A strong gender component is also mapped onto the animal paradigms. Women- typically excluded from this cult of Roman soldiers- were referred to as "Hyenas." Scholars note that the animals used in the Mithraic grading system were renown in the ancient world for odd sexual practices; e.g., ancient encyclopedias report that the raven reproduced asexually and gave birth through the mouth. In what could be deemed a mythological rejection of the feminine, the god Mithras himself was said to have been born from a rock, and in other legends, reproduced by masturbating onto rocks.
Aside from dedicatory inscriptions and some graffiti, no known writings from professed Mithras followers have survived. Historians are left to interpret complicated archaeological artifacts in light of vague accounts from satirists (Apuleius), philosophers (Porphyry), and religious opponents. Viewed with one lens, the Mithras cult was a collaborative of blood-thirsty Roman soldiers slaughtering bulls in subterranean pits. Yet, Porphyry describes Mithras followers as vegetarians who allegorized the bull-slaying motif as representative of cosmic and celestial phenomenon. Church fathers (e.g., Jerome) found Mithraism so similar to Christianity (notably, a non-sacrificing religion) that it was deemed a Satanic imitation of the true faith meant to fool the unwary.
Due to the scarce and contradictory historical sources, deciphering the meaning of symbolic content is paramount to understanding the workings and beliefs of this cult. In the case of Mithras, determining the relationship of the cult to animals may be the key to unlocking a larger historical puzzle. In my talk, I would like to discuss some of the various ways scholars have interpreted the animal symbols, as well as present some new insight from possible references to Mithras in ancient rabbinic literature.
2. Jesse J. Rainbow (Near Eastern Languages and Civilizations, Harvard University), "'Many Bulls Surround Me': Anthropomorphic War Animals and Theriomorphic Warriors in the Hebrew Bible
Descriptions of warfare in the Hebrew Bible are replete with literal and figurative references to animals. The horse-drawn chariot was the most fearsome weapon known in the ancient Near East, and in several of the ancient cultures with which the biblical Israelites came into conflict, enemy warriors either dressed themselves as animals or symbolically identified themselves with predatory animals through the enactment of elaborate ritual hunts. Biblical literature reflects the connection between warfare and animals in complex ways. In some cases, war animals are conceived of as combatant agents capable of anthropomorphic behaviors such as hostility, aggression, and heroism. In other cases animals are simply instruments or weapons wielded by human warriors. Human enemy combatants are identified with animals in ways that either valorize or dehumanize them, and in several cases the Israelite authors of biblical literature appear to co-opt and subvert the propagandistic animal imagery of their imperial adversaries (Egypt, Assyria, Babylon).
This paper considers six selected passages from the Hebrew Bible in the light of ancient Near Eastern texts and iconography, and attempts to define boundaries and categories within the continua described above. Ultimately, my goal is to complicate the interpretation of the relevant texts by showing that the deployment of animal imagery in an account of war serves a range of rhetorical functions. The paper builds on and expands my previous work on hunting, animals, warfare, and ethnic identity, including my unpublished conference paper "Royal Hunting in Ancient Israel: Did They Or Didn't They?" (2009) and a book chapter, "Sarah Saw A Hunter: The Venatic Motif in Genesis Rabbah 53:11" (2010).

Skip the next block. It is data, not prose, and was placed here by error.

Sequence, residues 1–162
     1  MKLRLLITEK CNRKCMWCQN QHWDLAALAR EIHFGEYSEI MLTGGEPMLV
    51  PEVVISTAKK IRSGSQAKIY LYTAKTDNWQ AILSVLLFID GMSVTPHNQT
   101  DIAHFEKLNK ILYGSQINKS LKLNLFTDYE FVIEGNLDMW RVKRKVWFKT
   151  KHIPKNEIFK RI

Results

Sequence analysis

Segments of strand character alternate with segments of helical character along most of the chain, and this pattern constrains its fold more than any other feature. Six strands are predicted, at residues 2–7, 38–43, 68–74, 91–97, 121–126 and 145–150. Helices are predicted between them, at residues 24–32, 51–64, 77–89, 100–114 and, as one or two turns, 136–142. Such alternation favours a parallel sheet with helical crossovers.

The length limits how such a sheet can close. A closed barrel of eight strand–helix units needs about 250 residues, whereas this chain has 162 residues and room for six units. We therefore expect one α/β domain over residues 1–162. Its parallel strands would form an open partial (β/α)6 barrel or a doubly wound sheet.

3. Daniel C. Tate (Center For Latin American and Caribbean Studies at NYU), "Condors, Serpents, and Fleas: Indigenous Protest, Animal Symbolism, and Revolutionary Cosmology in 21st Century Andean Bolivia"
In this paper I examine the symbolic, analogical relationship between humans and animals in indigenous Aymara political and cosmological discourse during the 2000-2005 cycle of mass protest and insurgency in Andean Bolivia. I argue that the large-scale protests launched by Bolivia's indigenous movements over the ownership of natural resources (water, natural gas, coca leaf) from 2000 to 2005, not only challenged Bolivia's dominant neoliberal economic model and the political elites that imposed it through violence, but also elite Bolivia's dominant political-theological imaginary, which historically had excluded native indigenous cosmology and symbolic discourses from the national political sphere-and, at its worst, racialized the country's diverse indigenous majority as a mass of "beasts of burden." In Andean Bolivia, beginning in 2000, widespread indigenous rebellions against neoliberalism, state violence, and political-theological exclusion, also entailed a magnification of the Indian protestors' powers to symbolically articulate relations between animals and humans on their own terms-insurgents followed their "Mallku" or "Condor" leadership, staged mass protest actions called "plan flea" and "plan fox," and ultimately resurrected the spirit of the "resplendent serpent," Tupak Katari, the leader of a massive anti-colonial Indian revolt against Spanish rule in 1781. As such, the 2000-2005 cycle of indigenous rebellion and popular victory-(current Bolivian President, Evo Morales, an Aymara Indian, was elected by an unprecedented landslide in 2005 following mass protests, making him the first indigenous head of state in South American history)-revealed the vital importance of a zoological, symbolic representation between animals and humans in subaltern Andean indigenous political discourse and protest-and likewise in indigenous cosmological thinking and practice. Indeed, indigenous movements speak of the current period of national indigenous political ascendancy in Bolivia as a "pachakuti" or a revolutionary, cyclical renewal of indigenous life-ways, spirituality, and time.
Building on some key works and debates among Andean ethno-historians, anthropologists, and historians, as well as using documents produced by indigenous movements, I seek to firstly demonstrate how a counter-hegemonic discursive blurring between animals and humans was, and continues to be, fundamental to this process of indigenous renewal in Bolivia; and secondly to address how analogical discourses of human animalization also saturate relations between Bolivia's dominant Europeanized sectors of society and the country's indigenous majority (and vice-versa), particularly during moments of crisis and rebellion, highlighting the formidable political-theological predicament in this transforming post-colonial society.